The Santa Cruz Cancer Benefit Group (SCCBG), a local charity supporting cancer research and patient care, has awarded three grants of $20,000 each for one-year cancer research projects at UC Santa Cruz.
The grant recipients are Karen Ottemann and Fitnat Yildiz, both professors of microbiology and environmental toxicology, for research on chronic bacterial infections and carcinogenesis; Rebecca DuBois, assistant professor of biomolecular engineering, for research on the molecular mechanisms of a new class of immune checkpoint inhibitor; and Christopher Vollmers, assistant professor of biomolecular engineering, for a project to identify better targets for cancer immunotherapy.
Since 2005, the SCCBG has given more than $500,000 in grants to UCSC cancer researchers.
Ottemann and Yildiz will collaborate on a study of the human pathogen Helicobacter pylori, which causes inflammation in the stomach that can lead to ulcers or stomach cancer. They aim to characterize several genes involved in the formation of biofilms, a growth mode which is highly resistant to antibiotics and difficult for the body to eliminate. Understanding biofilms in H. pylori and how they affect chronic infection, cancer development, and antibiotic resistance could lead to identification of biofilm inhibitors as potential treatments for H. pylori disease.
DuBois will investigate cancer immunotherapies in collaboration with researchers at Trellis Bioscience. Drugs called checkpoint inhibitors stop cancer cells from triggering the “off switch” of immune cells such as effector T cells, allowing the T cells to attack the tumor. Natural Killer (NK) cells are another type of immune cell with potential to kill cancer cells. A new class of checkpoint inhibitors that mask the “off switches” of NK cells is in development but has shown mixed results clinically. DuBois aims to uncover at atomic detail how these new inhibitors work, providing a basis to engineer improved inhibitors as a cancer therapy.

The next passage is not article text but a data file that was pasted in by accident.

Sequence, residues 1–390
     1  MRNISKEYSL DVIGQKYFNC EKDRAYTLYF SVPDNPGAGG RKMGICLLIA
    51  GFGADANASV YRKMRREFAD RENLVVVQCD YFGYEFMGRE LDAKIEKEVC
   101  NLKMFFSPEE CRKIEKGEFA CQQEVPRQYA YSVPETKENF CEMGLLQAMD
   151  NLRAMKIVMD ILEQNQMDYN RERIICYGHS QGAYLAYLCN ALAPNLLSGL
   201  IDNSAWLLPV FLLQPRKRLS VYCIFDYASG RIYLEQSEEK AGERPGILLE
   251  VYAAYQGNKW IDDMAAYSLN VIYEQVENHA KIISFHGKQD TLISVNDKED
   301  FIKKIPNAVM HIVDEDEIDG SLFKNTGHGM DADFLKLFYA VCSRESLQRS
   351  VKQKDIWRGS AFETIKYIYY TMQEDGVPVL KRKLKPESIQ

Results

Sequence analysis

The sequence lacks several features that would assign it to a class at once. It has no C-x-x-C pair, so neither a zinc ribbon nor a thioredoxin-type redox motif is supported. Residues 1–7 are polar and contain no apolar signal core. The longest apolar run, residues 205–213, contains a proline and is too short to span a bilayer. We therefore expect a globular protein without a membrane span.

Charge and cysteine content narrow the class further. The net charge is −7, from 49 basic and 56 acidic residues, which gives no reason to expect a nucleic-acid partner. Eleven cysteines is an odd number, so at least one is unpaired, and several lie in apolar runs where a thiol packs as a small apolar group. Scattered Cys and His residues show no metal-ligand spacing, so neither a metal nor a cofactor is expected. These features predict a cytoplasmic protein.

Vollmers is also interested in cancer immunotherapy. His project focuses on identifying all variants (called isoforms) of proteins on the surface of B cells. Out-of-control growth of B cells can cause several types of cancer, including acute lymphoblastic leukemia, chromic lymphocytic leukemia, diffuse large B-cell lymphoma, and Burkitt lymphoma. Immunotherapy that targets proteins on the cell surface can be effective, but cancer cells often evade recognition by changing the isoforms of these proteins. Vollmers aims to systematically and accurately identify the vast majority of protein isoforms present in B cells, and use this knowledge to identify better targets for future immunotherapy approaches.
The SCCBG holds several annual events to raise funds for the programs it supports. More information is available on the SCCBG web site.